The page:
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Robot helping

8/12/2014

By ELIZABETH GOLDEN

By ELIZABETH GOLDEN

egolden@dailynews.net

Hays Medical Center now is partnering with the University of Kansas Hospital to enhance care for stroke patients.

The Tele-Stroke Robot acts as a two-way video call to a stroke neurologist at KU. The robot is deployed every time a stroke alert is activated, and the specialist from KU logs on to the system from a laptop or mobile device.

"It's a computer on wheels," said Carol Groen, manager of special projects at HaysMed. "The KU physician can see the patient, hear what's going on, ask questions. They see strokes every day. They see the most complex strokes, so that really helps us with decision making and recommendations. The patient can also see the physician and partake in the conversation."

HaysMed does not employ a full-time stroke neurologist, so having access to a specialist could assist with diagnosis and treatment time, Groen said.

"Accurate diagnosis of a stroke and timely treatment is crucial to improved patient outcomes," said Larry Watts, chief medical officer, in a statement. "Utilizing the tele-stroke robot allows us to conduct a full diagnostic exam on the patient and gather all the clinical information to provide excellent care for our patients."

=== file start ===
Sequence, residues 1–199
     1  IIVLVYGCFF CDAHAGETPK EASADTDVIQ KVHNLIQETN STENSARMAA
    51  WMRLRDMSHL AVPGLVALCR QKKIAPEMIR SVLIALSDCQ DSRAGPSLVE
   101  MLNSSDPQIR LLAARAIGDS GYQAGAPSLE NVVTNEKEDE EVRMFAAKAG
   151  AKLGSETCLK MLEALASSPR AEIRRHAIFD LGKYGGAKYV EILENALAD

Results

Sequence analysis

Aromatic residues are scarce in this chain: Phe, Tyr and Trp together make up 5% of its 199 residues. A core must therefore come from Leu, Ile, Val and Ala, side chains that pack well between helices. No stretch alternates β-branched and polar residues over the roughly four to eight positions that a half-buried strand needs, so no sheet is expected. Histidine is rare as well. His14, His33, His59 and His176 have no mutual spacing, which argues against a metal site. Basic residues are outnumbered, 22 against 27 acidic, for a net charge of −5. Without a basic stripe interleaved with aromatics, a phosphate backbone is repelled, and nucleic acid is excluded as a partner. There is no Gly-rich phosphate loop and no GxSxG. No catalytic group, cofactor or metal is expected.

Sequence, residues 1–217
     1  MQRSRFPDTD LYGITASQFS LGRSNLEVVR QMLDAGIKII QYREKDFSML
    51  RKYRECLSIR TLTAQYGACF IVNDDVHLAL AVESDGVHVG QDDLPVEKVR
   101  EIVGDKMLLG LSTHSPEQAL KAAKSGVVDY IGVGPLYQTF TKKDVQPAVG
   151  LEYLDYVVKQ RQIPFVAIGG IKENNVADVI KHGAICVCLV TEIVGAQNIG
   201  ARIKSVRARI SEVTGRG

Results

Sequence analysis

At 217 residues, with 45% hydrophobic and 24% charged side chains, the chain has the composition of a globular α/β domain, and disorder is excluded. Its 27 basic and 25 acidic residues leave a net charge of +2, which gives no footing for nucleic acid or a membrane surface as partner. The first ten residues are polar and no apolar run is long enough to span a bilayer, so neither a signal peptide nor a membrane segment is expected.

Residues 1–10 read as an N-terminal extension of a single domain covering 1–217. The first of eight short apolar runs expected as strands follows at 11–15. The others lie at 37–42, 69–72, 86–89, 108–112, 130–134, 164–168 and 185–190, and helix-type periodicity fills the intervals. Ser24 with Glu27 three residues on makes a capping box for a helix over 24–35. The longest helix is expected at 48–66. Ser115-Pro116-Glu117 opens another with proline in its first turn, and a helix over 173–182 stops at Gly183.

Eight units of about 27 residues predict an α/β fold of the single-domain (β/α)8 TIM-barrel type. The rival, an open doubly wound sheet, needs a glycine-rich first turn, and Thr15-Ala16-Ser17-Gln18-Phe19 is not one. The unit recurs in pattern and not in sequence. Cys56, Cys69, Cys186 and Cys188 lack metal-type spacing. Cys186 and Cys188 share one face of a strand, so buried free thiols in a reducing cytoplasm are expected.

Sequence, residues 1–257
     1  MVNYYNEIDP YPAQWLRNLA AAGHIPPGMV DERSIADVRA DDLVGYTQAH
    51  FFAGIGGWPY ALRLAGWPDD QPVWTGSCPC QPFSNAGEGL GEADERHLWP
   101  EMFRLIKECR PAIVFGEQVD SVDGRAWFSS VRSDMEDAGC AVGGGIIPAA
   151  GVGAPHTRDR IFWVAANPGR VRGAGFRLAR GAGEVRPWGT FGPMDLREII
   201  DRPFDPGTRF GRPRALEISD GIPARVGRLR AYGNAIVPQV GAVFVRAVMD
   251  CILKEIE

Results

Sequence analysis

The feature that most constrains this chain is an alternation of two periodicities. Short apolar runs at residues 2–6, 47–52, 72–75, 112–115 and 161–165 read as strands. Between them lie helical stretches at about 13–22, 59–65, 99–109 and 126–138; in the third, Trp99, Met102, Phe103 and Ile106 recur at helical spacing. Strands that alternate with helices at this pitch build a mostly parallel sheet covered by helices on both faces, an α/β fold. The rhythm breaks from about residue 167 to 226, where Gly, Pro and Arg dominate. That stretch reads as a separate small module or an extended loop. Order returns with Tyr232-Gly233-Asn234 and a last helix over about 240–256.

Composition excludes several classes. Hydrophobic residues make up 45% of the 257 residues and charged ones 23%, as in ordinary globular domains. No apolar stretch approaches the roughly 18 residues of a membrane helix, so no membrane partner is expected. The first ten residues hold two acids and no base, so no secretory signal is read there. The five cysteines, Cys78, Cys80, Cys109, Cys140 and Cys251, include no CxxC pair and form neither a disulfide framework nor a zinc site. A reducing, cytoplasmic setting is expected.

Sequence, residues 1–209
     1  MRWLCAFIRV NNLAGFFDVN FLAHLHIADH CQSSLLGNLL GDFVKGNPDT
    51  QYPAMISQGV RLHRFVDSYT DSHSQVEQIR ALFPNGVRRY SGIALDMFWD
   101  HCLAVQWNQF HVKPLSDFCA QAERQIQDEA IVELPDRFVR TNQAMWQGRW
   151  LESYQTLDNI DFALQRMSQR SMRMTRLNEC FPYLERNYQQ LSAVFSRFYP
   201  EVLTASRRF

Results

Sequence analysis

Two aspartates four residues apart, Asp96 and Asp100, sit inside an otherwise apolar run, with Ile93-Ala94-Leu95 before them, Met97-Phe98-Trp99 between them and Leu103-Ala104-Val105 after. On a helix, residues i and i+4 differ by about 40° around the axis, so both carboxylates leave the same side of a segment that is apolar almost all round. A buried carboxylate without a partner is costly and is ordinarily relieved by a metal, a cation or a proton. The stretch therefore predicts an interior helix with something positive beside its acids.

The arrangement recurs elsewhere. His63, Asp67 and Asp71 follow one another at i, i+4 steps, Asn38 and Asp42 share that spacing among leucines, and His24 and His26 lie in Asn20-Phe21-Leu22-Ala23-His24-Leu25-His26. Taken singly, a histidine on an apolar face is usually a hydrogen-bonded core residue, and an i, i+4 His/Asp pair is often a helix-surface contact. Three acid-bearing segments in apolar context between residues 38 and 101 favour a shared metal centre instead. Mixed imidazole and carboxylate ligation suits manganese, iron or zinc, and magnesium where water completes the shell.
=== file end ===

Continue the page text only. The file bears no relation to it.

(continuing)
The specialists are accessible 24 hours a day, and have the ability to manipulate the robot, view patient charts and zoom in to see troubled areas.

"The specialist can hear the patient's speech," Groen said. "They can look at pupils. It's very exact in nature. One of the goals is to evaluate and begin treatment as fast as possible."

HaysMed averages 20 to 25 strokes per month. The robot was brought on in July, but KU has assisted with cases through the phone for years.

"We used to call KU if we had a question or complex case," Groen said. "But there's only so much information you can give on the phone, and a lot of it depends on how you present the case to the doctor. They couldn't see the patient."

HaysMed was certified as a Primary Stroke Center Hospital in November. In July, the hospital was given a $12.5 million grant to improve care for heart disease and stroke. That jump-started the process to gain the robot.

"When we became certified as a Primary Stroke Center Hospital, we wanted to take that extra step," Groen said. "We wanted to have that extra sense of security and that extra expertise for our patients coming in."

KU covered the cost and will lease the robot through HaysMed for the next three years. After that, HaysMed could decide to go in a different direction, Groen said.